‘Let’s get feathering!” reads a note on the wall in the moored Thames River barge that serves as British sculptor Kate MccGwire’s studio. Feathers are the 49-year-old artist’s current medium of choice, and she has drawers crammed with them—all sent to her by farmers, gamekeepers, and a dedicated network of pigeon-racing enthusiasts.
Though MccGwire is coy about her process, not wanting to destroy the illusion, she concedes that each work has a supportive structure composed of carved material—she won’t specify what kind—which is then covered in felt and hand-trimmed feathers. A new development is her use of oversize clamps, whose metallic grip around the soft plumage of her sculptures introduces a subtle brutality. “I’m drawn to physical constriction that’s other than human,” she says. “I think maybe I wanted to harden it up a bit.”
MccGwire was raised on the Norfolk Broads on Britain’s eastern coast—a region famed for its rich wildlife—and her father made his living building boats. After completing her M.A. in sculpture at London’s Royal College of Art in 2004, she bought the barge and mooring for her studio on a decrepit island in south London called Platts Eyot. The discovery of a pigeon colony in a nearby shed prompted her to start collecting their feathers in 2006, fascinated by the duality of their cultural associations. “The dove is the symbol of peace, purity, and fertility,” she explains, “but it’s exactly the same species as a pigeon—which everyone regards as being dirty, foul, a pest.”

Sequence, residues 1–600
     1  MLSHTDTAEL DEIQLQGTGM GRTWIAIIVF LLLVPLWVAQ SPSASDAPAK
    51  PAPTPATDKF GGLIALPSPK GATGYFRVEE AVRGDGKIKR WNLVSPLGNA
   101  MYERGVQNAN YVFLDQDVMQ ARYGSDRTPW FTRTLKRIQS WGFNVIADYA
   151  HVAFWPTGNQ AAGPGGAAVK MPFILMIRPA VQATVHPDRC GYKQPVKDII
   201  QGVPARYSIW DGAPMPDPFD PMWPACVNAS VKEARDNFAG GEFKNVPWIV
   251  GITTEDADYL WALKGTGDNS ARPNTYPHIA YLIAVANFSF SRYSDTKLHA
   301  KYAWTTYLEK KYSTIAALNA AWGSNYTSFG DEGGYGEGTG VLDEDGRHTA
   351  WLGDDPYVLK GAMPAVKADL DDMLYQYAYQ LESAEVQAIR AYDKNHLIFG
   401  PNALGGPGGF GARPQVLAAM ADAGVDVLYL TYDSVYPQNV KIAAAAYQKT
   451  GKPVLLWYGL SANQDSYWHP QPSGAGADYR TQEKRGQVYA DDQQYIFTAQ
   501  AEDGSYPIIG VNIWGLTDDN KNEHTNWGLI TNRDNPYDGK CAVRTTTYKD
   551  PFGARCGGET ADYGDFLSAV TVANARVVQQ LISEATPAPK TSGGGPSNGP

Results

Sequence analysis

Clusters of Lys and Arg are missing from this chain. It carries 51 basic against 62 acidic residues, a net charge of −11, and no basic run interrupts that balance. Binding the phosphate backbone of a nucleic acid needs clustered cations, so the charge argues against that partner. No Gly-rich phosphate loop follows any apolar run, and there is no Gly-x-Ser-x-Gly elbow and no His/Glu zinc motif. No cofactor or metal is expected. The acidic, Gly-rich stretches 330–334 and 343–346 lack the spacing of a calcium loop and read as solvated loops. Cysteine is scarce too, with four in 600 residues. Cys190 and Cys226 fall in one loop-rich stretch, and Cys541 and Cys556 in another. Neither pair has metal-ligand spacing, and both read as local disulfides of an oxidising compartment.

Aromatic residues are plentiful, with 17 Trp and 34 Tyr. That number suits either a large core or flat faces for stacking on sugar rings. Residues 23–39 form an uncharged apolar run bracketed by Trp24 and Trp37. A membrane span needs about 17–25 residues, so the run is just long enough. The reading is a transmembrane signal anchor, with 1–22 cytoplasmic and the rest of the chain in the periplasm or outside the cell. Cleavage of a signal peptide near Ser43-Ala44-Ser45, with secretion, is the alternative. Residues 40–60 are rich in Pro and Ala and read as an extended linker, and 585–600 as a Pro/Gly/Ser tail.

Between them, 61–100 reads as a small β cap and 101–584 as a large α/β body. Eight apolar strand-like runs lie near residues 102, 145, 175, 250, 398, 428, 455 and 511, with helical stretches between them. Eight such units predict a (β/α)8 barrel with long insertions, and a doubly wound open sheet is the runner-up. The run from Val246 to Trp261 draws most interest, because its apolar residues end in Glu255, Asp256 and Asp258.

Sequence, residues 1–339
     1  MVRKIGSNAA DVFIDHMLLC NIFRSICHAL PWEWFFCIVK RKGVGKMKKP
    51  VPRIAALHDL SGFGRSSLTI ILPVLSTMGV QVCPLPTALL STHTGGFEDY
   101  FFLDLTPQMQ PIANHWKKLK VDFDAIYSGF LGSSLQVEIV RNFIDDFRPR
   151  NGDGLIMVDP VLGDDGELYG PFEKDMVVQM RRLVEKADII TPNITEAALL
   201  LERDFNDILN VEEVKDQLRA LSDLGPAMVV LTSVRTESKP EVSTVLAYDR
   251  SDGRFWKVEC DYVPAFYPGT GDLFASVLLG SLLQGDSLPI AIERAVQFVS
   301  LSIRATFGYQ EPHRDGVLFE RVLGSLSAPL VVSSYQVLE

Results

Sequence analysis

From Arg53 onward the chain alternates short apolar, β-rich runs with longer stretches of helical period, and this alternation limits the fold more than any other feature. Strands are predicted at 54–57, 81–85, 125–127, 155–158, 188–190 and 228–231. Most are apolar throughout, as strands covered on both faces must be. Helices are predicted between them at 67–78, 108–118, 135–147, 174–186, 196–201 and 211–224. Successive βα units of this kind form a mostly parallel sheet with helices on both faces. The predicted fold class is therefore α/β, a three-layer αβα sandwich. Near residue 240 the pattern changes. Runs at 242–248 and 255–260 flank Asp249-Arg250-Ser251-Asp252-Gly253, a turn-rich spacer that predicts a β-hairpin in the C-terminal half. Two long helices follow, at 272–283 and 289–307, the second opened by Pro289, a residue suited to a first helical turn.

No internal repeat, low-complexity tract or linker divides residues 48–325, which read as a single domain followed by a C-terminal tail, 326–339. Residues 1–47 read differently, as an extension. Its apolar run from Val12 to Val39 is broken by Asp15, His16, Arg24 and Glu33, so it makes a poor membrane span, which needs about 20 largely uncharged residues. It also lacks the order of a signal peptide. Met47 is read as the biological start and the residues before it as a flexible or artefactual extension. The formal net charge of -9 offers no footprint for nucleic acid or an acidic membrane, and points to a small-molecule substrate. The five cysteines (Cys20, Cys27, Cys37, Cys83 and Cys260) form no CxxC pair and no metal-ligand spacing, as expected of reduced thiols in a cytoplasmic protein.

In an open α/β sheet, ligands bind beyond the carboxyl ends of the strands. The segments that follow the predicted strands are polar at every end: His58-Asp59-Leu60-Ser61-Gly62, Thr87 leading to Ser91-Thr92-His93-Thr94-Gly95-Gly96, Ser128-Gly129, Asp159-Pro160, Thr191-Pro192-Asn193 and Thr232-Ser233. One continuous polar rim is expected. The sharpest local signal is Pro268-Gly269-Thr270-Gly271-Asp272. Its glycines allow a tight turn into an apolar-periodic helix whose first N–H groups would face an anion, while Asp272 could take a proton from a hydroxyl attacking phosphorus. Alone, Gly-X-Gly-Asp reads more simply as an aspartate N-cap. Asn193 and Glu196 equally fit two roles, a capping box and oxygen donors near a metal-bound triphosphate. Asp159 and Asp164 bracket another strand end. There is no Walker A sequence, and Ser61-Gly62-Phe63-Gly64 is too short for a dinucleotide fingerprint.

Besides feathers, MccGwire has worked with a variety of mediums—many of them found, everyday materials, including wishbones, hair, and noodles. She has participated in group exhibitions all over Europe as well as at the Museum of Arts and Design in New York, and has solo shows slated for the fall at the Royal Monceau Hotel in Paris and in South Korea’s Cheongju International Craft Biennale. Her works sell for between $4,000 and $80,000 at her London gallery All Visual Arts, and collectors include Charles Saatchi and Thomas Olbricht.
Anchoring her current exhibition at Britain’s Winchester Discovery Centre gallery (up through August) is a gleaming, 30-foot-long black braid of crow plumes titled Gyre (2012). “I’m thinking of it as being like an umbilical cord,” MccGwire says. “I want to seduce by what I do—but revolt in equal measure. It’s really important to me that you’ve got that rejection of things you think you know for sure.”